The high cost of a cheap college
Some of the most affordable colleges have high dropout and student loan default rates.
This post comes from AnnaMaria Andriotis at partner site MarketWatch.
President Barack Obama called for colleges to rein in their costs during his State of the Union address Tuesday night. But new data show those who attend schools with lower tuition often end up paying in other ways.
Students who go to the most affordable four-year public colleges are more likely to drop out and fall behind on their student loan payments, according to the College Scorecard released by the U.S. Department of Education on Wednesday. The tool, touted by Obama on Tuesday night, breaks down colleges' net costs (what families pay after factoring in grants and scholarships), graduation rates and student loan debt, and compares the figures nationally.
All 10 of the four-year public colleges with the lowest net prices have a graduation rate below the 58% national average. And half of those schools have a higher federal loan default rate for student borrowers than the 13.4% national average.
At a time when families are becoming cost conscious about the college they choose, the findings suggest that cheaper isn't always better. "Part of it is, you get what you pay for," says Mark Kantrowitz, the publisher of FinAid.org, which tracks financial aid and student debt.
In-state families at these schools pay average net prices ranging from roughly $1,400 to $4,000, according to Education Department data for the 2009-10 academic year, the latest available. Yet many of their students still fall behind on loan payments.
Of the 10 schools on this list, Dalton State College, in Dalton, Ga., has the top default rate: 21.3 % of its student borrowers defaulted on federal student loans before Sept. 30, 2011, within three years of entering repayment, according to data from the College Scorecard. The school is tied with Indian River State College, in Fort Pierce, Fla., and followed by Edison State College in Fort Myers, Fla., at 20.1%.
Carol Jones, financial aid director at Dalton State College, says its borrowers have fallen behind on payments because the local economy has shed many jobs since the recession, making it harder for its college graduates to find work. She adds that the school once accepted most students who applied, but that it has recently raised its admissions standards. Indian River State and Edison State colleges didn't immediately respond to requests for comment.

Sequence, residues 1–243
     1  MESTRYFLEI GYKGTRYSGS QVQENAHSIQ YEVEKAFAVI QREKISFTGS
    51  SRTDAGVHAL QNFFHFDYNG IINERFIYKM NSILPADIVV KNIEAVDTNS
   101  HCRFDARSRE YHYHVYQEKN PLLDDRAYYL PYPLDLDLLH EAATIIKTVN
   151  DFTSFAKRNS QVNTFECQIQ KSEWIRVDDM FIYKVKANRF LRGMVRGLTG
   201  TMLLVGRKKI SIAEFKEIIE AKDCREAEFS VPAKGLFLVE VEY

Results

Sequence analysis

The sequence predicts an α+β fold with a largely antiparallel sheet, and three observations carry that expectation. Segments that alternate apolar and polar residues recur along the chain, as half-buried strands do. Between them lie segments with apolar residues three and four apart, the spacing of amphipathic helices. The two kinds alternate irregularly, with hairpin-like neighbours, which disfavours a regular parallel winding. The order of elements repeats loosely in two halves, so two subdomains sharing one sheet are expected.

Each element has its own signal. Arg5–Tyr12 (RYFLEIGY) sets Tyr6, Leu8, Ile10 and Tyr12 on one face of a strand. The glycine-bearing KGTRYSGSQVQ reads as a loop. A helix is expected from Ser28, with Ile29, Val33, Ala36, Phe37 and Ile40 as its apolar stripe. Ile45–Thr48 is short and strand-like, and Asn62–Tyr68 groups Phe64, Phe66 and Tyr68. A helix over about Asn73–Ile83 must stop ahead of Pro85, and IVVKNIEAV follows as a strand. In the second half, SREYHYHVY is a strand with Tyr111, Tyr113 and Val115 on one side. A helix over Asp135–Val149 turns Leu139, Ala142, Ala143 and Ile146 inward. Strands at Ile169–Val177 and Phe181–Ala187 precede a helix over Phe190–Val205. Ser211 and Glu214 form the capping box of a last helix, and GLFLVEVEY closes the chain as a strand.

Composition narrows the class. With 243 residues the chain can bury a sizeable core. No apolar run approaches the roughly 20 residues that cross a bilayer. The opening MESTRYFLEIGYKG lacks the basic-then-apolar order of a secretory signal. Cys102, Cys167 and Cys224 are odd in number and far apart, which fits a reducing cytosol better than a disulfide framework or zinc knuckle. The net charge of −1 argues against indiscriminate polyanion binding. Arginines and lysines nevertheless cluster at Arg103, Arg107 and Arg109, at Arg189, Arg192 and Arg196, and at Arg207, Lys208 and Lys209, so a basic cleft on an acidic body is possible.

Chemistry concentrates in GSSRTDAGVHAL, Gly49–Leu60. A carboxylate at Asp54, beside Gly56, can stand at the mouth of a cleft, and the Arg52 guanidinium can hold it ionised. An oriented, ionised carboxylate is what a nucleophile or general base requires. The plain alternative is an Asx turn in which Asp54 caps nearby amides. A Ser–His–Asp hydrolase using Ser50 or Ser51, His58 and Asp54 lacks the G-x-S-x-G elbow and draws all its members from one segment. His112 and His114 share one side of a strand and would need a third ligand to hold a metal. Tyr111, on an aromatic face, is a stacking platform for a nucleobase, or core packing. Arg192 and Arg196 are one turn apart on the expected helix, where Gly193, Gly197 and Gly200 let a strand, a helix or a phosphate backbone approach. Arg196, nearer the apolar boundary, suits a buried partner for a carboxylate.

Some college experts say the dismal figures are also due to the quality of education at lower-cost colleges. These schools are less likely to have the large support staff, including counselors and tutors, who can help students overcome academic or financial setbacks, says Kantrowitz. They're also less likely to have as many full-time professors or other academics available on campus for students.
With fewer resources, there's an increased chance of students dropping out. After Dalton State, California State University at Dominquez Hills has the second-lowest graduation rate on the list of most-affordable colleges, at 24.4%. (The scorecard, from the National Center for Education Statistics, looks at the number of first-time, full-time students beginning college in the fall of 2005, and assesses how many of them had graduated by 2011, six years later.)
Susan Borrego, the vice president for enrollment management and student affairs at CSU Dominguez Hills, says that to improve graduation rates, the school has been providing students with more support, including more academic advising and summer programs designed to improve study skills. But she says the financial background of the school's students -- most of whom come from lower-income families -- also impacts its graduation rates.
In general, colleges with lower net costs tend to attract more lower-income students who are also more at risk for leaving school before graduation if their families suffer a financial setback. (According to FinAid.org, about a quarter of students at public colleges receive need-based federal Pell grants, compared with roughly 10% of students at Ivy League schools -- where graduation rates are near 100% and loan default rates are in the low single digits.)